Byton only unveiled a concept of its first model, the M-Byte SUV, in January but the Chinese electric car startup is confident of starting sales in its home market by the second half of 2019 and expanding into Europe and the United States a year later.
The information was revealed by Byton CEO and co-founder Carsten Breitfeld to Automotive News (subscription required) during last week's 2018 LA Auto Show, where Byton showed off the K-Byte sedan concept. The svelte sedan is slated to enter production in late 2020 or early the following year, after which Byton plans a mid-size SUV with seven seats.
The U.S. launch could be affected by trade conditions with China, though tensions between the two countries could be dialed down shortly based on comments made by President Donald Trump following this past weekend's G20 meeting in Argentina. According to Breitfeld, Byton has contingencies in place such as assembly of vehicles in the U.S. or countries with free trade agreements with the U.S, should trade tensions escalate.
At the reveal of the M-Byte, which took place at the 2018 Consumer Electronics Show, Byton said the small SUV would come with a $45,000 base price and at least 200 miles of range. The K-Byte will share a platform with the M-Byte but offer improved performance thanks to less weight and a more aerodynamic body, according to the company.
Compared to rival electric car startups such as Faraday Future and Lucid, which promise models with over 1,000 horsepower, Byton is taking a more conservative, more “realistic” approach, Breitfeld, a former BMW exec who was in charge of the German automaker's i8 plug-in hybrid sports car, told Automotive News.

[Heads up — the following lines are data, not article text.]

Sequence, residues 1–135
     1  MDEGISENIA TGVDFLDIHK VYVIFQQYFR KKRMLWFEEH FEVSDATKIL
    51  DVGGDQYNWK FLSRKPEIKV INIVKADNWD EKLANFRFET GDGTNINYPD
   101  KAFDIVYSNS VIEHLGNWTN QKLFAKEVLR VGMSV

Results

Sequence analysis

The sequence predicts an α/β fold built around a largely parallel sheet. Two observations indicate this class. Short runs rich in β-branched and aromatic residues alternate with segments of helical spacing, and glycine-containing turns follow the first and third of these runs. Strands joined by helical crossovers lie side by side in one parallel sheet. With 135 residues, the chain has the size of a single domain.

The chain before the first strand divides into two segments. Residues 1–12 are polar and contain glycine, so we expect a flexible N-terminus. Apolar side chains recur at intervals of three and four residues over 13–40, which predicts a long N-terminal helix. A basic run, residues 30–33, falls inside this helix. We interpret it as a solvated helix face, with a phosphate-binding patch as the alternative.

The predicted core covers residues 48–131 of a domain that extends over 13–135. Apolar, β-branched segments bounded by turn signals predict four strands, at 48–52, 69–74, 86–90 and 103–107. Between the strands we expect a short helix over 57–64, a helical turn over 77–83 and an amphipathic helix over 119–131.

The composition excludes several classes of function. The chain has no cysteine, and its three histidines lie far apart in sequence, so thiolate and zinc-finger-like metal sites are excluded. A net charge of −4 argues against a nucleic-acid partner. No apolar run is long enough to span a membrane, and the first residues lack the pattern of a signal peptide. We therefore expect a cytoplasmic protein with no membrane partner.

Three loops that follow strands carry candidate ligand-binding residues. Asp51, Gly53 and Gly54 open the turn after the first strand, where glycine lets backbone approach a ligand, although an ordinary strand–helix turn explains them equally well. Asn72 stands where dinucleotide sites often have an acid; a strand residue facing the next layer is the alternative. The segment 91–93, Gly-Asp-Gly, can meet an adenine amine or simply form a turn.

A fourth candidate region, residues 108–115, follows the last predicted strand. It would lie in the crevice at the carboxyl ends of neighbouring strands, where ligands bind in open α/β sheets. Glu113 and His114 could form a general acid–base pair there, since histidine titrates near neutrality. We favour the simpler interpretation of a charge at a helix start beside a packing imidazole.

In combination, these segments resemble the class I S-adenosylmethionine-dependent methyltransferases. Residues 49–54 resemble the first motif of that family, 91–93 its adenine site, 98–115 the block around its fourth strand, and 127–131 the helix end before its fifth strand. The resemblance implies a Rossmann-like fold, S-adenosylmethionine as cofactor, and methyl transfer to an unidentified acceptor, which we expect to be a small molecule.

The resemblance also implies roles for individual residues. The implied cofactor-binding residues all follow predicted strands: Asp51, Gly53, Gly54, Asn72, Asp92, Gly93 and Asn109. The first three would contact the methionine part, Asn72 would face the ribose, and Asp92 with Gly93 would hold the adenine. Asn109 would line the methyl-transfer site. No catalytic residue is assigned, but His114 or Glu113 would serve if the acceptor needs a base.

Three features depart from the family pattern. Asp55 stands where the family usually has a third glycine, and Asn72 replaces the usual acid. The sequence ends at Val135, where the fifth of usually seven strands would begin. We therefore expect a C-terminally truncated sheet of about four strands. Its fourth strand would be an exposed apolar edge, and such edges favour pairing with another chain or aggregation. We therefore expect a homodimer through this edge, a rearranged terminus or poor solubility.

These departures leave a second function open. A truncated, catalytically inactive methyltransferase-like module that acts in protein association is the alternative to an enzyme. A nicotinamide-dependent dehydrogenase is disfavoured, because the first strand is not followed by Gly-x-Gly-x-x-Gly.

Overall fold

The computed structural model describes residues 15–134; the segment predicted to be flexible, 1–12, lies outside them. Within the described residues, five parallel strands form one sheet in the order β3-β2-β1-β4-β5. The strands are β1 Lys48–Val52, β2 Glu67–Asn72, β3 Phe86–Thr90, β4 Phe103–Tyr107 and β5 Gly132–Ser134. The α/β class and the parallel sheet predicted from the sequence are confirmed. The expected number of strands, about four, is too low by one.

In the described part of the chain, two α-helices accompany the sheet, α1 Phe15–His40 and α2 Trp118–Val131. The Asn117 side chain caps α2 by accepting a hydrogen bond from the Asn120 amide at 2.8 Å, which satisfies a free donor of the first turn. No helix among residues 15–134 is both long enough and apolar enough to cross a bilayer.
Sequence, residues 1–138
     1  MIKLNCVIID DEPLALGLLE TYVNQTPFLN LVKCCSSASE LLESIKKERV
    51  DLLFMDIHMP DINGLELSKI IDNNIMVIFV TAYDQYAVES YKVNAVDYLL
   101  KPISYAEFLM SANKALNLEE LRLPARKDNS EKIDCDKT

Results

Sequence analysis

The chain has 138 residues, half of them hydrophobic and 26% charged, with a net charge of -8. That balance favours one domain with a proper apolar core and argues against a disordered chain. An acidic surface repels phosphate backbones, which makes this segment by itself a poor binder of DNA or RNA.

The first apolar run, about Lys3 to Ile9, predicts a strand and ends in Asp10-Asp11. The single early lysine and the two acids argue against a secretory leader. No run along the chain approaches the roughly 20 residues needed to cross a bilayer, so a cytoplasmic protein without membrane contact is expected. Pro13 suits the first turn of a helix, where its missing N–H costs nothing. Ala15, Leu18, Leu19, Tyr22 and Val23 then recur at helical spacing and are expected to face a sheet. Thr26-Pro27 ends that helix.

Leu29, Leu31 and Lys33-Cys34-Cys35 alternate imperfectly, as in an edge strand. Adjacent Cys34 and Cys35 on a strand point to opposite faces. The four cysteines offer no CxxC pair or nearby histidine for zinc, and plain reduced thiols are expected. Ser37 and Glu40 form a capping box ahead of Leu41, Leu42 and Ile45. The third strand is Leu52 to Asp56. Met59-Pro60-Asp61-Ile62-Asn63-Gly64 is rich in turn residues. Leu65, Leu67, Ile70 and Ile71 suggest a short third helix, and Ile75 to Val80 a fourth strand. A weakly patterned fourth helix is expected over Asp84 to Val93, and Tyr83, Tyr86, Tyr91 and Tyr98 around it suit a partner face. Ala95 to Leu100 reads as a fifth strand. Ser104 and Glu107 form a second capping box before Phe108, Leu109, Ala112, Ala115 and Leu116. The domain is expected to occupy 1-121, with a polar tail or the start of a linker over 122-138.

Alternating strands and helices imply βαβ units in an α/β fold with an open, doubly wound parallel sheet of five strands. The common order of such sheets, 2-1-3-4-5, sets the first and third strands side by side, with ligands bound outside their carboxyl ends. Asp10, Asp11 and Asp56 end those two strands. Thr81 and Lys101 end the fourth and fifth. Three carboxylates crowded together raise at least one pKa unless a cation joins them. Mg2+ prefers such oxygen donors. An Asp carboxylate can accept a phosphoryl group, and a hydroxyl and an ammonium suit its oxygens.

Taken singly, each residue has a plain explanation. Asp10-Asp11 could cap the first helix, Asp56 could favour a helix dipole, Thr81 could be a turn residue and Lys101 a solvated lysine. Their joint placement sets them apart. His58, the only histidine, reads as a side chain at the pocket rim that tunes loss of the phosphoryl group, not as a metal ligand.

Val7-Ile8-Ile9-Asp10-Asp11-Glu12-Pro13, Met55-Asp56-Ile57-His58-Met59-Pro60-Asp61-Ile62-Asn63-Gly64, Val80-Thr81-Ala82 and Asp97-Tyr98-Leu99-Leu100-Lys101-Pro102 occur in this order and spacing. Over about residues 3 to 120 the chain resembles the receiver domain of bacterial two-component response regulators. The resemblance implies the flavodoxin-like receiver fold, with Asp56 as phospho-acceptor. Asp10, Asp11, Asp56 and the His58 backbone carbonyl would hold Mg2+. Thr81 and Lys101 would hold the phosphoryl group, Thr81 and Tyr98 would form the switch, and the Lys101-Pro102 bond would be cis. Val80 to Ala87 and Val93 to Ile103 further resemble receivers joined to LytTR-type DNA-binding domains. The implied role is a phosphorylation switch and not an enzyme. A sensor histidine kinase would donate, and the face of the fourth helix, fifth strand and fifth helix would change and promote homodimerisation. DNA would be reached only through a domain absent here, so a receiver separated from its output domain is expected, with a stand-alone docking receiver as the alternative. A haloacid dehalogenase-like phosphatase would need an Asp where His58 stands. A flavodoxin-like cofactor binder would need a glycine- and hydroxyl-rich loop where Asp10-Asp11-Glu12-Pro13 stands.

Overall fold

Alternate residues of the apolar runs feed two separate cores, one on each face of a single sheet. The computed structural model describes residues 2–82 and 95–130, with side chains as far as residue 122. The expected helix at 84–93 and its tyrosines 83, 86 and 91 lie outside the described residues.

Byton M-Byte electric SUV prototype
"Our basic principles have been, be credible, be down to earth, be realistic," he said. "You have to show the world you can deliver, because if not, you lose support from investors and partners and cannot build up a credible brand."
Byton is close to completing construction of a plant in Nanjing, China and is already testing around 30 prototypes on local roads. The goal is to get this number up to 100 for final testing. Some of the additional prototypes will be sent to the U.S. where they will be fitted with self-driving systems from Aurora Innovation, Byton's partner for autonomous technology.
The M-Byte is expected to launch with an available self-driving system offering Level 3 capability. Such a system will allow for full self-driving mode in select conditions but the driver will need to be ready to take over at a moment's notice. A Level 4 system is planned, though. Level 4 capability is similar to Level 3 but can bring a car safely to a stop should a driver fail to take control when required.
Interestingly, Byton's long-term goal isn't to sell cars directly to customers but rather access to shared fleets. How such a model would be priced hasn't been decided but could involve a monthly flat fee and then perhaps additional charges for mileage.
"Our business model is not built on selling cars," Breitfeld told Automotive News. "We'll start with that at the beginning, but that's not a sexy business model. Margins are down and maybe going lower…The real business is in using the car as a platform, and using the car to create a sales channel to sell digital content."